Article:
About Taormina Amphitheatre
Taormina Amphitheatre (Teatro Greco Romano) was initially built by the Greeks in the third century BC before being rebuilt and enlarged by the Romans.
While known as an amphitheatre, the site is actually an ancient theatre, not an arena of the type normally meant by the term.
Parts of the Taormina Amphitheatre, such as its scenery, are still quite well-preserved, although some would say that the modern seating ruins the effect.
Today, as well as being a major draw for tourists to the city, the theatre is still used for concerts, plays and other event.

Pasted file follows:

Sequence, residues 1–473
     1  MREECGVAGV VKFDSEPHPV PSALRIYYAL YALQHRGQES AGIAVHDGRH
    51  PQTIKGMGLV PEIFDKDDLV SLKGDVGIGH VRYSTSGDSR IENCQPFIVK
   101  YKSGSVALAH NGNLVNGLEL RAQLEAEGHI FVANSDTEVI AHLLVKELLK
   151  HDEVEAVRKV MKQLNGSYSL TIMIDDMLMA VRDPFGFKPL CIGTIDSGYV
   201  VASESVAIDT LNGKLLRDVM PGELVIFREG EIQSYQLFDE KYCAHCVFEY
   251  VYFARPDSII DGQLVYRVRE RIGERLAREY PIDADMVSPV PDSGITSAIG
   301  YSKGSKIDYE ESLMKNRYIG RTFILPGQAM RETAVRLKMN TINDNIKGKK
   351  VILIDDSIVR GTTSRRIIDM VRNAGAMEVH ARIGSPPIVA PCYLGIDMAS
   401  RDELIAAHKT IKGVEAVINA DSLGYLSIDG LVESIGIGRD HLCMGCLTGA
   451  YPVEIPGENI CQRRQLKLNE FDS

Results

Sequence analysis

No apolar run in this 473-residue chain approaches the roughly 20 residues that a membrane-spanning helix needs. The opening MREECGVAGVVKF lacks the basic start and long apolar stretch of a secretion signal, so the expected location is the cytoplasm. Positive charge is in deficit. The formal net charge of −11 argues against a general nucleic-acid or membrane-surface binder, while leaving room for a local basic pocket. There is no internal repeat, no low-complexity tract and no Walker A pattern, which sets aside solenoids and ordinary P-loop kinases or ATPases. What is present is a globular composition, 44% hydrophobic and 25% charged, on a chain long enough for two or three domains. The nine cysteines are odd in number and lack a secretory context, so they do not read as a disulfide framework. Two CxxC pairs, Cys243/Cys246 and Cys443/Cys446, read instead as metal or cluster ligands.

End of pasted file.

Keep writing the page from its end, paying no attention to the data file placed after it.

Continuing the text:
The Valley of the Temples is a UNESCO-listed site in Sicily housing the very well-preserved remains of several Ancient Greek temples.
The Syracuse Archaeological Site contains the impressive remains of an ancient city dating as far back as the eighth century BC.
Just as empires rise and fall so do entry fees and opening hours! While we work as hard as we can to ensure the information provided here about Taormina Amphitheatre is as accurate as possible, the changing nature of certain elements mean we can't absolutely guarantee that these details won't become a thing of the past. If you know of any information on this page that needs updating you can add a comment above or e-mail us.